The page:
The text is Mary and Martha which is usually taken as a compare and contrast of two symbols. Martha representing the active life and Mary the contemplative life. But I think that is a bit facile. And I’m basing that on both the immediate context – largely Luke 9-10 – and the life situation that is being displayed. Martha and Mary are not simple cut outs. Both are making choices about actions. And Martha’s request and Jesus’ words are not directed at action, but disordered action. Mary is acting. She is just acting after contemplating the good of the Kingdom. Not what her own anxieties and troubles desired, but what Jesus desired. As a sermon, it is probably a bit subtle. But the take away if I were to force one would simply be ordered action. A gift of the spirit is self-control. In the spirit we have the ability to act with kingdom purpose, not out of our anxiety.
Luke has a habit of telling a powerful story (The Good Samaritan) and following it up with a minor correction (Mary and Martha). That minor correction is the text of this week. (A couple of other examples are the Sermon on the Plain’s teaching about loving you enemies and not judging other (Luke 6:27-42) followed by a tree and its fruit (Luke 6:43-45). The net effect is love your enemy, don’t judge him, but don’t let your brains fall out. Two chapters later you have the parable of the sower & the purpose of the parables (Luke 8:4-15) which emphasize the roll of election followed by the short teaching on a lamp under a jar (Luke 8:16-18). The net effect is that you can’t guess the yield, and many who hear won’t understand, but don’t be overly discriminating is sharing the gospel. Election and mission are not to be placed in opposition.) The Martha and Mary story reminds us of the “one thing needful”. As important as being a neighbor/service is, the one needful thing is Christ. Christ is our neighbor, he came to serve us, so that we could serve others. And the means of that divine service to us is the Word. So this sermon is about the importance of Faith Alone and Word Alone – two thirds of the Reformation Solas – and how because they are Christ’s work, they will not be taken from us.
Recording Note: I’ve left in our closing hymn LSB 583 God Has Spoken by His Prophets. I think the stretch from prophets to now and the focus on the unchanging message of Christ alone captures the solidness of the promise. Nations rise and fall, the world’s despair and turmoil seems never ending, but God abides with us. We have a sure anchor. And it will not be taken from us.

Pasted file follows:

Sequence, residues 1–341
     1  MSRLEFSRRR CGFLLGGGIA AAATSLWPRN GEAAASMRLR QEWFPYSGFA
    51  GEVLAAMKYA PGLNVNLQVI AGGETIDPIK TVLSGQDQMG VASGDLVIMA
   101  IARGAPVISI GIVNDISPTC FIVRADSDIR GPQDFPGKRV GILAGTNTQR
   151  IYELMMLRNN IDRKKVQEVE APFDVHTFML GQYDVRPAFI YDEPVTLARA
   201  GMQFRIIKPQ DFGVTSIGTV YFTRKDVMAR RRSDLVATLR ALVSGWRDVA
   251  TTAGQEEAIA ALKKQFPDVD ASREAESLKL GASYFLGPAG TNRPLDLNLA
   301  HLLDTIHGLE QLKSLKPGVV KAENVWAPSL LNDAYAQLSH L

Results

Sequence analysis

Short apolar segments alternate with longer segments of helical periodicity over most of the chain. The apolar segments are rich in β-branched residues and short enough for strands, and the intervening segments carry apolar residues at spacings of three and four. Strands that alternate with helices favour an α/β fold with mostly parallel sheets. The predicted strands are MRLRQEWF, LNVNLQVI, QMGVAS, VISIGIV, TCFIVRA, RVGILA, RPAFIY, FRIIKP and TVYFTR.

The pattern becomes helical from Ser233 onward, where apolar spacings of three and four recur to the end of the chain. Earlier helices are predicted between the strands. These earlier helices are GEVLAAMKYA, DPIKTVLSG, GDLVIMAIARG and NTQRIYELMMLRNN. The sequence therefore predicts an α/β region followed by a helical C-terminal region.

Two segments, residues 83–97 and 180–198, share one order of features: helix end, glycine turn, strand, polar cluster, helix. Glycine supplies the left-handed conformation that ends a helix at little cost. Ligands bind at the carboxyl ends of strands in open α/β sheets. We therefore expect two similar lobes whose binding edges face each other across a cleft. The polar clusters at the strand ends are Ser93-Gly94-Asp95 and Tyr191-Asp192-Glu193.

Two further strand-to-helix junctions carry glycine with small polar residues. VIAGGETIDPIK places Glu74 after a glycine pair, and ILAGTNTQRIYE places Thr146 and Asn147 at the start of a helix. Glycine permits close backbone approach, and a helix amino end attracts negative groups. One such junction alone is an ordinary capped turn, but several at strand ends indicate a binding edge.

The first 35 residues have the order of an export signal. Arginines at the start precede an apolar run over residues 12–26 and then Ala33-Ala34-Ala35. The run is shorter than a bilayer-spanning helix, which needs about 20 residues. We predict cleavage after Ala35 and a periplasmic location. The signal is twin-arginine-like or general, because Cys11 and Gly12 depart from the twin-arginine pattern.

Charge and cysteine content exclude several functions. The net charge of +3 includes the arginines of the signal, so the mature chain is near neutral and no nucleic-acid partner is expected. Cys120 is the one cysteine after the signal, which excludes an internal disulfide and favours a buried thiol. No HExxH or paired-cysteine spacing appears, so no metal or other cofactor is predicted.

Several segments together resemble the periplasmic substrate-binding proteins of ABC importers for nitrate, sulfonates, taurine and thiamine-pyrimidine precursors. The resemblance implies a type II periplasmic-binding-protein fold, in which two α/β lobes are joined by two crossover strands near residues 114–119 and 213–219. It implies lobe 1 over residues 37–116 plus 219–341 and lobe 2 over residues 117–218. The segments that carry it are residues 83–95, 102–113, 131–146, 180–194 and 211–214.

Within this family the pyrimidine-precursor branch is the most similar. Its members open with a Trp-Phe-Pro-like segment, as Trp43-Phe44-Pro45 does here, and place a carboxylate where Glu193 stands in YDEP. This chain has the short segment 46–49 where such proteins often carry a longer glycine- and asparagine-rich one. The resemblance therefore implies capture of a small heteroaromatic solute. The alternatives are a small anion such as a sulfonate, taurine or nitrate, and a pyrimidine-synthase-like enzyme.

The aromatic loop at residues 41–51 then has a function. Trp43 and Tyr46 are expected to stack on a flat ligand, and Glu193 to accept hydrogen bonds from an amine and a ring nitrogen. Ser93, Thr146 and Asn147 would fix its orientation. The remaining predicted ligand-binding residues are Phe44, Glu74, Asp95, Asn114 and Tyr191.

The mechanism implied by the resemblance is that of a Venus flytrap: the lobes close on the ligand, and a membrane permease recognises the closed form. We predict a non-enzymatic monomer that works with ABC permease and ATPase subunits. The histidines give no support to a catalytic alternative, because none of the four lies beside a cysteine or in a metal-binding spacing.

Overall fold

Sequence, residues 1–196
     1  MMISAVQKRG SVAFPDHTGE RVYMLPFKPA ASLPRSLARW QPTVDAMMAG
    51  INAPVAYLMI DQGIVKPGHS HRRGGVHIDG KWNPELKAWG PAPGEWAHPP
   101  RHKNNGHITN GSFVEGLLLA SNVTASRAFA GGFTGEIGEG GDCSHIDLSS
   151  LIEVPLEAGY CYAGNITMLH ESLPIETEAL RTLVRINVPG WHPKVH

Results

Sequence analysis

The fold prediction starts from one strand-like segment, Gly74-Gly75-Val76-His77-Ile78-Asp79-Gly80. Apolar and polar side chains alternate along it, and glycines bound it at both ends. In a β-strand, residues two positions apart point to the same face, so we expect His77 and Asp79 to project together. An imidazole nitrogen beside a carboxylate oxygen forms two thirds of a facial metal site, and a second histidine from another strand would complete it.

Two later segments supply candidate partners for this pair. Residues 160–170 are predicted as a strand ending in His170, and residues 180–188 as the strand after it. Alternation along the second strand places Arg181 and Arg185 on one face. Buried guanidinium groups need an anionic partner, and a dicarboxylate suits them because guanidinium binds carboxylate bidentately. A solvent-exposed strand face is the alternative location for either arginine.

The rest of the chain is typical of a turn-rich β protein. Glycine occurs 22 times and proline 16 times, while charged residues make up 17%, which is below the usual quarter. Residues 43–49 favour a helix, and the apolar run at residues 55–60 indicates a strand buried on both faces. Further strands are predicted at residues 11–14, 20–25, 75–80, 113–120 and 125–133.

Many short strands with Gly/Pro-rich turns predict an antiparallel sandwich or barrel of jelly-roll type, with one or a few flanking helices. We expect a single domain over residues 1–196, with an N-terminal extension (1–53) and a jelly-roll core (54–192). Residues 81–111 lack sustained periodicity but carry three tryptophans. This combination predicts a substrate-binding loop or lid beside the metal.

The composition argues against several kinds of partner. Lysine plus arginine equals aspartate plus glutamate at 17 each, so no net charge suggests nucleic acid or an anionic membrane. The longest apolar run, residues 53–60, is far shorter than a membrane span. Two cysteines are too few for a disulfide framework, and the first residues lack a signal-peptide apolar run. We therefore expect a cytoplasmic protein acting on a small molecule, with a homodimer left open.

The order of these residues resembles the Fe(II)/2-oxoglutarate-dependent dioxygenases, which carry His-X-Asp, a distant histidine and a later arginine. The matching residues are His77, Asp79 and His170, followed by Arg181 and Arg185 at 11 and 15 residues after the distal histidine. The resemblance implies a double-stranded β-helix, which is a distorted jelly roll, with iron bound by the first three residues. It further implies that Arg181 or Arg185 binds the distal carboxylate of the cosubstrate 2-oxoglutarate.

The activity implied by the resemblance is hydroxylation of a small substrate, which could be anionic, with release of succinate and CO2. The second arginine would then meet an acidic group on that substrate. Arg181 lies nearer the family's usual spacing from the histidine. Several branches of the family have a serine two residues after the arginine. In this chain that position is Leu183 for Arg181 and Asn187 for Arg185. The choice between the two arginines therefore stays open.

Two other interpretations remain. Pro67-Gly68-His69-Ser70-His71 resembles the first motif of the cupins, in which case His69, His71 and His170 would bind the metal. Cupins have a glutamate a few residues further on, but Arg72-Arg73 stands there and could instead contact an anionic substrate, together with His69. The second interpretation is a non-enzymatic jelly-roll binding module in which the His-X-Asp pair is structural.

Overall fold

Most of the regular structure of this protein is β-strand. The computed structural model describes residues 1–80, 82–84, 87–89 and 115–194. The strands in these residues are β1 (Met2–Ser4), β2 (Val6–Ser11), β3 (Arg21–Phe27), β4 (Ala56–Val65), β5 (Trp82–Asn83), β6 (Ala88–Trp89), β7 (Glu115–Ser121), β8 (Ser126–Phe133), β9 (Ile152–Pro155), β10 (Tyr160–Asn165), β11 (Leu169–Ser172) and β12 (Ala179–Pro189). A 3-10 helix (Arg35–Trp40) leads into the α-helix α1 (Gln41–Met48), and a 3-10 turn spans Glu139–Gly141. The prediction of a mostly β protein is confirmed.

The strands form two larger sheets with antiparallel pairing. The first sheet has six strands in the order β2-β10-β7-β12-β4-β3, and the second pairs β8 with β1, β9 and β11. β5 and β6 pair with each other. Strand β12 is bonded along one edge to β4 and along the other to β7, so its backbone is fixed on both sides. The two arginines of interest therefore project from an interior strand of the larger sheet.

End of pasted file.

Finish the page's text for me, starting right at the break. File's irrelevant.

Mary and Martha. That used to be the jumping off point for a bunch of buddy stories. But the text is not about a conflict of personality. The revisionist and womanist (or is it womynist) preacher makes great hay out of this text. Martha is the enforcer of accepted patriarchal social scripts which Mary chooses to ignore. Jesus backs up her choice securing her already grasped freedom. (Just to be clear, Mary moves first, Jesus just gives moral support). But that would seem to be majoring in minors – although there is enough truth you can’t just scoff.
The context is the help. Last week was the good Samaritan and in previous weeks the 70 were sent out and great things are happening. The whole contingent is on the move. They are doing great things. The disciples, and us the reader, could be forgiven for taking the point of the Christian life as being a heroic do-gooder. And then we see the ultimate do gooder. Martha is serving everyone…and Mary just sits. Jesus, do you mean what you’ve been saying?
Like Martha, the church is full of care and distracted by all the things that need taken care of. And there will be plenty of opportunity to serve. Nobody ever gets in your way when you don the role of the servant. But the world, the devil and our own flesh will labor mightily to keep us from the Word. Service not grounded first and firmly in the Word of God is just so much trouble. The one needful thing – the one thing that we can’t go without is the Word. And that is typically presented as a choice. Do we choose the feet of the Jesus, or our cares? Everything else shall pass away, but what is done at the foot of the cross will never be taken away.